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Digital Foundry tests Playstation 5 with slim cooling elements

Digital Foundry tests Playstation 5 with slim cooling elements

“It looks a lot like the old one.”

Recently, YouTuber Austin Evans discovered that Sony has started sending out a new review of the PlayStation 5. When the cooling air was measured, it was just a few degrees warmer than it was on the old PS5, and when Evans unscrewed the controllers, it turned out that the cooling elements were reduced by 300g and that the copper was partially replaced by aluminum (which is cheaper but transmits less heat). This raised concerns that dieting could lead to heat problems.

Digital Foundry Now Gets a New PS5 Review, And Right Now took a deep dive in the question. They ran a notorious heavy party in monitoring For several hours he then measured power consumption and sound level. The upshot is that both PS5 revisions draw the same amount of power and sound in the same amount. It is interpreted to mean that the new variant does not get hotter; Had I done that, the cooling fan would have been spinning faster and looking more like.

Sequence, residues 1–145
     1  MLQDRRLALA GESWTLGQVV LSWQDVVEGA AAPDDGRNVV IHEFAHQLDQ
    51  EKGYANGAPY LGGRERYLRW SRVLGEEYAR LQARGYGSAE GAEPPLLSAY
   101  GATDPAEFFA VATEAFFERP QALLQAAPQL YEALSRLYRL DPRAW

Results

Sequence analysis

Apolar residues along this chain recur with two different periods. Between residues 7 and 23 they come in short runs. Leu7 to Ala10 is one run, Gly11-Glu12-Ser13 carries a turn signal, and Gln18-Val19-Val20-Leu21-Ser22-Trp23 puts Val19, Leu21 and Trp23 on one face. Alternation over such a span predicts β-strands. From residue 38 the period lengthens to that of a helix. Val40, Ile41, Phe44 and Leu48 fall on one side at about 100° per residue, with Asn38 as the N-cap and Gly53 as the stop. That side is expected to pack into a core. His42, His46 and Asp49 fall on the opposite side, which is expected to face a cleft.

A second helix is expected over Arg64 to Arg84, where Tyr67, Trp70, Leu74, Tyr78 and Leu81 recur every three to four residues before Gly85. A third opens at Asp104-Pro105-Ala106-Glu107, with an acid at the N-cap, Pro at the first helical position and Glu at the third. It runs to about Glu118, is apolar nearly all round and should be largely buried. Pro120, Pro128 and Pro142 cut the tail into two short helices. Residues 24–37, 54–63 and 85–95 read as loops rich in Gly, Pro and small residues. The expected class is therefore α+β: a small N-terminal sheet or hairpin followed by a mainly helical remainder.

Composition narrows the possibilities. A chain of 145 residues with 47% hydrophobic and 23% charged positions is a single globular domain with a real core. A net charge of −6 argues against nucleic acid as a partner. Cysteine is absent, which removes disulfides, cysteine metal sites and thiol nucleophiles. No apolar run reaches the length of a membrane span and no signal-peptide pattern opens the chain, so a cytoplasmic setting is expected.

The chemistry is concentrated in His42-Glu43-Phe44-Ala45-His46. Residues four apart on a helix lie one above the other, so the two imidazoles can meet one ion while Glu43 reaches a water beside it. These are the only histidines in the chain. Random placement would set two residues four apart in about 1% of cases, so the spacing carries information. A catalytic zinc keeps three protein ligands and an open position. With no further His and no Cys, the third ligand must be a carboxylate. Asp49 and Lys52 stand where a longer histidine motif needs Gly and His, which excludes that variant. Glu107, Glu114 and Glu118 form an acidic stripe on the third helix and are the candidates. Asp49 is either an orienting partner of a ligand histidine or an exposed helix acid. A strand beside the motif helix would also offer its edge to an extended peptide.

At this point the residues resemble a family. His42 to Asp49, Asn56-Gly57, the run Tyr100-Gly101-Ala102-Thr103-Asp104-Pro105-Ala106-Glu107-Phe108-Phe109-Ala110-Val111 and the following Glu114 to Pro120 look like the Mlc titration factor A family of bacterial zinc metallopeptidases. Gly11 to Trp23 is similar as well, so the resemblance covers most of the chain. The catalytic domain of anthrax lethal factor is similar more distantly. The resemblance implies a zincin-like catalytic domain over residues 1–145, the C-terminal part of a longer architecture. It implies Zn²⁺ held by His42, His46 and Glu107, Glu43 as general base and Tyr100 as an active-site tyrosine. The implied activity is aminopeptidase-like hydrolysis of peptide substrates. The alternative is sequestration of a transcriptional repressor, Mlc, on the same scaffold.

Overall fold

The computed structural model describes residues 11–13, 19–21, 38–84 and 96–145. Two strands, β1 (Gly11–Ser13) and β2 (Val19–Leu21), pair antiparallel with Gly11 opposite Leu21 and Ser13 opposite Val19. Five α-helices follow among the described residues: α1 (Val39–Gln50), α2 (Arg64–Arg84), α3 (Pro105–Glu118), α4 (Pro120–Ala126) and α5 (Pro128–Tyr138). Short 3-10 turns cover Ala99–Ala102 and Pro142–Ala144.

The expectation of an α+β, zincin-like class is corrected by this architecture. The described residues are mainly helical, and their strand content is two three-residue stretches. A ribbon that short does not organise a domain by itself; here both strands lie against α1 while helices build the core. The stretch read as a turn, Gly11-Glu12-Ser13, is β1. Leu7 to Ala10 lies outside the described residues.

However, Digital Foundry hasn’t opened the console and measured how hot the components are already under load, and neither does Evans. But they think Sony may have lost the cooling stuff when the console proved it could do so without affecting performance or anything else in the system. Microsoft cited as an example: the increased clock frequencies on the Xbox One when the cooling system proved it had room to withstand higher temperatures. DF is also studying the idea that the new cooling element and fan dissipate heat more efficiently than the original PS5.

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It all boils down to a crazy statement that “For now, the new machine appears to be very similar to the old machine in terms of actually using it.” […]”.

So it looks like we don’t have to be afraid to buy our new Playstation 5 review. If you get it. Sogin? Pre-booking will help you.